A mentor of mine once told me that “all learning is state-dependent”. Meaning, unless a learner is in the right “state” they are unlikely to engage in the learning process. So what is “state”? The dictionary says, “the condition of a person…” I think about useful states for learning as including – excited, interested, curious, relaxed, or intense. Not-so-useful states could be bored, tired, angry, or sad.
So any time I am not getting the behaviour I want, the first and easiest solution is to help the audience change state. Two simple things generate a state change – change of focus and change of physiology. Simple strategies include: a seat change, a pair share, a “water-in, water-out” break, a state change activity. Applying the “appropriateness” filter is key – make it relevant and respectful of your audience and the situation. Be mindful too that extreme introverts may find high energy state changes have the opposite effect to lifting their energy; it may drain their energy and cause them to shut down.
How else do we help our group to stay in a useful state? We effectively manage our own. Your state will “lead” your participants state more than any single other thing.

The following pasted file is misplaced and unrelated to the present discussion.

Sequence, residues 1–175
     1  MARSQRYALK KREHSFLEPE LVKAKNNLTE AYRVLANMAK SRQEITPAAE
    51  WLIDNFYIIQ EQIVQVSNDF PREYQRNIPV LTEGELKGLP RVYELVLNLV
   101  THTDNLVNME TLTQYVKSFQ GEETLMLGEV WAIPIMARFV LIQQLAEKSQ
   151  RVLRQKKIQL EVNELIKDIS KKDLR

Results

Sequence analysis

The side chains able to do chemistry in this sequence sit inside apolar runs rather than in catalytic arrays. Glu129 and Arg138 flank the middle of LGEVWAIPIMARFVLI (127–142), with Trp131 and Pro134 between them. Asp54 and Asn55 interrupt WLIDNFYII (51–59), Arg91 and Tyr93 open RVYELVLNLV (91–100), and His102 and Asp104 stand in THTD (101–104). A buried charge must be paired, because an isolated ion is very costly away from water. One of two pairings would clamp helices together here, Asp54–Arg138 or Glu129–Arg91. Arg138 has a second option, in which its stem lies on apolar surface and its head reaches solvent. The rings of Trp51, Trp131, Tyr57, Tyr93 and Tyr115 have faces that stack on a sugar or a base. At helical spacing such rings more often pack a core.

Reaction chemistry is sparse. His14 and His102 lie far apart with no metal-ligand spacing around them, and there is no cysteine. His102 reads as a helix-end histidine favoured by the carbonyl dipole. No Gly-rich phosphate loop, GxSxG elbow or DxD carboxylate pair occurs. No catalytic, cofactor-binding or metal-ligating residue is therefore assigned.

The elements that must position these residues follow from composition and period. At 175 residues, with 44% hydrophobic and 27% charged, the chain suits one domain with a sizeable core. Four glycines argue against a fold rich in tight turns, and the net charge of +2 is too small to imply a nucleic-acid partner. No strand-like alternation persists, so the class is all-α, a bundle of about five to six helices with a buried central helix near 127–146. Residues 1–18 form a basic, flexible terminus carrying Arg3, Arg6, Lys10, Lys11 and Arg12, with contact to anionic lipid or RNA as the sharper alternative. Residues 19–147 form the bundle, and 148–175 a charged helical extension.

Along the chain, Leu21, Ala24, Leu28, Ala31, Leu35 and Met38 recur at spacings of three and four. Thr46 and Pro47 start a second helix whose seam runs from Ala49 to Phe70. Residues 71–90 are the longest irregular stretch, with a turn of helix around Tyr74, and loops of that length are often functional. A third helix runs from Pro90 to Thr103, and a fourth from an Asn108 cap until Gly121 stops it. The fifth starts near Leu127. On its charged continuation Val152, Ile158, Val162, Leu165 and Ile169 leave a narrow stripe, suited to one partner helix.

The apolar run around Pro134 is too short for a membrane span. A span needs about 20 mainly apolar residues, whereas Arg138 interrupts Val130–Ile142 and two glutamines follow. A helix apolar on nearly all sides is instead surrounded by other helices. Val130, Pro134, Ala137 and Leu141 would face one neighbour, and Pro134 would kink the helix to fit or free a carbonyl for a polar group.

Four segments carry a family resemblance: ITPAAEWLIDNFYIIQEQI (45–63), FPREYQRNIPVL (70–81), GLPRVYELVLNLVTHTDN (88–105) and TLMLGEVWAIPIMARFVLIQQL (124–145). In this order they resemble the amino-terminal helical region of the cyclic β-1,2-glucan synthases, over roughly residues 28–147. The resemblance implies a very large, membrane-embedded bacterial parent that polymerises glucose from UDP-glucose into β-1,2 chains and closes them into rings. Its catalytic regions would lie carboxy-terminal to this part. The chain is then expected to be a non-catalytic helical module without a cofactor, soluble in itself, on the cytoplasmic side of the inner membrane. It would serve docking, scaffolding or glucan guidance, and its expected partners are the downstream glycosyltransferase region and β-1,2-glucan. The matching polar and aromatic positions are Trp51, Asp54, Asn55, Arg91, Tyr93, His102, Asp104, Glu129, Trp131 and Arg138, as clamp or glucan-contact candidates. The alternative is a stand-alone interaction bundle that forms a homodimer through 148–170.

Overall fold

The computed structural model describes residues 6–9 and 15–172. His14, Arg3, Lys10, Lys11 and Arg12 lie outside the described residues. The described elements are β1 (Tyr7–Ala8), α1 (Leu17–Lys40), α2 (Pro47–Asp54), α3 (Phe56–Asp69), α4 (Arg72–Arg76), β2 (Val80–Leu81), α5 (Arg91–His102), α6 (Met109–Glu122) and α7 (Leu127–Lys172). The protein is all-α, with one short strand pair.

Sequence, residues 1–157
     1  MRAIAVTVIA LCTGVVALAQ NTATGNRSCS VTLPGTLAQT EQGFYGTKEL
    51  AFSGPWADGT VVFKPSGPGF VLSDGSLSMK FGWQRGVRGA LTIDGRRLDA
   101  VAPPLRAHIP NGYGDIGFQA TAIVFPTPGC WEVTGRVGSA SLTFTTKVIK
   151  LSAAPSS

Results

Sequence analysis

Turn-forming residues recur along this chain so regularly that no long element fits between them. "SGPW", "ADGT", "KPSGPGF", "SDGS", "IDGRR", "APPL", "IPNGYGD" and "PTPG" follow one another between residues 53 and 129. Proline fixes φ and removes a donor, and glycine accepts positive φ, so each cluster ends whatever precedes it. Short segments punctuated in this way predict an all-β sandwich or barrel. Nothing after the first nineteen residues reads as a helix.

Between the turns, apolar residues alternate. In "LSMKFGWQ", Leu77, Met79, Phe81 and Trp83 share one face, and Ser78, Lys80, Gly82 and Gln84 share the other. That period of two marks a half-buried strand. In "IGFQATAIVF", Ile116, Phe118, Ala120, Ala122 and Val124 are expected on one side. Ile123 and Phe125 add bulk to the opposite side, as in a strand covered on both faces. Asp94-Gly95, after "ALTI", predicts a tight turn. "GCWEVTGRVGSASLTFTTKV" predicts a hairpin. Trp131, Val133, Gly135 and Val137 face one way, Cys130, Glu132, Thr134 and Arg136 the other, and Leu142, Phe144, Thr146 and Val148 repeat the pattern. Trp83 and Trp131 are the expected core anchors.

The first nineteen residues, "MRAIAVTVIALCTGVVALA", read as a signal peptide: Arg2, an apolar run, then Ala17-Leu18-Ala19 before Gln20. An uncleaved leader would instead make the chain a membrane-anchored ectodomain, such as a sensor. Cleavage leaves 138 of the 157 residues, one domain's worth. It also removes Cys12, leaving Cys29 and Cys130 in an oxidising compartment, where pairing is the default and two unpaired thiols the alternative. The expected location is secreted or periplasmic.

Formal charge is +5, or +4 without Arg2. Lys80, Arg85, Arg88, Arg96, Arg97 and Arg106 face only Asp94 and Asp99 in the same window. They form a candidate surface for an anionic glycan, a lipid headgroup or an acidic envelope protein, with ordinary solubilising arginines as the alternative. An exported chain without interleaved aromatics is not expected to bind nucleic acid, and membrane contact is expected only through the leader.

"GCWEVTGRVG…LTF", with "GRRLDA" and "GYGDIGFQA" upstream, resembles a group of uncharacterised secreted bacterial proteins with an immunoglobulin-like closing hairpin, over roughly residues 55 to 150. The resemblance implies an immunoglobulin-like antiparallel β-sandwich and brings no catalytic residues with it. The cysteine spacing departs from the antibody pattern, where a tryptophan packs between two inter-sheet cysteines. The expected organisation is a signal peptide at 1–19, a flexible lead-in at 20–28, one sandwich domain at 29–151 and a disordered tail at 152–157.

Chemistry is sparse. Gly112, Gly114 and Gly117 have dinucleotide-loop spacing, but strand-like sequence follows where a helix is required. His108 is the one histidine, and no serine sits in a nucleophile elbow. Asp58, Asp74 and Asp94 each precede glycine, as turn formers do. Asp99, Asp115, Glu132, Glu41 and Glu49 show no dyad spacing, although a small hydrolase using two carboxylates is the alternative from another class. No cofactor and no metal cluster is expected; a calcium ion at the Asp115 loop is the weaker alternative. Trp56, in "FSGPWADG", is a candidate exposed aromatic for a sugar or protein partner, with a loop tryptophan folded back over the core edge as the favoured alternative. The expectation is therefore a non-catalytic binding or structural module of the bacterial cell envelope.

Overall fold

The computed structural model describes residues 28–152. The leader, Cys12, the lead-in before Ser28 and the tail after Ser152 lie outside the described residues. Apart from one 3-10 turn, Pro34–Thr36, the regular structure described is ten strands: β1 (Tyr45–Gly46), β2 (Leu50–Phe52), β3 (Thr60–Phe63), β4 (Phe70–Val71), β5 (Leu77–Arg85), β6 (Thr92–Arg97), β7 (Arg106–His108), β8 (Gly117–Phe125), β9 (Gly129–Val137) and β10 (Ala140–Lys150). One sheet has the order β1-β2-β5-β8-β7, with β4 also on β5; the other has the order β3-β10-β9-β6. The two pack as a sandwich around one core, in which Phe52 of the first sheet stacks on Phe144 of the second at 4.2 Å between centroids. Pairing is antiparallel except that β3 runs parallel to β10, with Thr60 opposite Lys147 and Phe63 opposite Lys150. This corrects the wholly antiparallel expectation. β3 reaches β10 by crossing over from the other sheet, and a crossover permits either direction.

Being able to manage your state so that you are able to remain resourceful even in the most challenging of situations is clearly something that is of huge value wherever you work, whatever you do and whoever you are! There are many ways to do so. To get you started, here are 4 easy ways to help you manage your state:
Change what you are noticing, what you are focusing on and what you make that mean.
Change your body radically – Move, do anything that pushes different chemicals around your nervous system. Change your posture, stand tall, high and successful, not only will you look confident but you’ll feel more confident. Consider changing your facial expression too and your breathing, even the smallest amends will help you manage your state.
Change your internal dialogue or self-talk. You can change the content or the language of your mind chatter.
Lead the participants state using your voice. Your voice is a powerful instrument and you can use it to its best advantage by varying your tone, volume, speed, and timbre.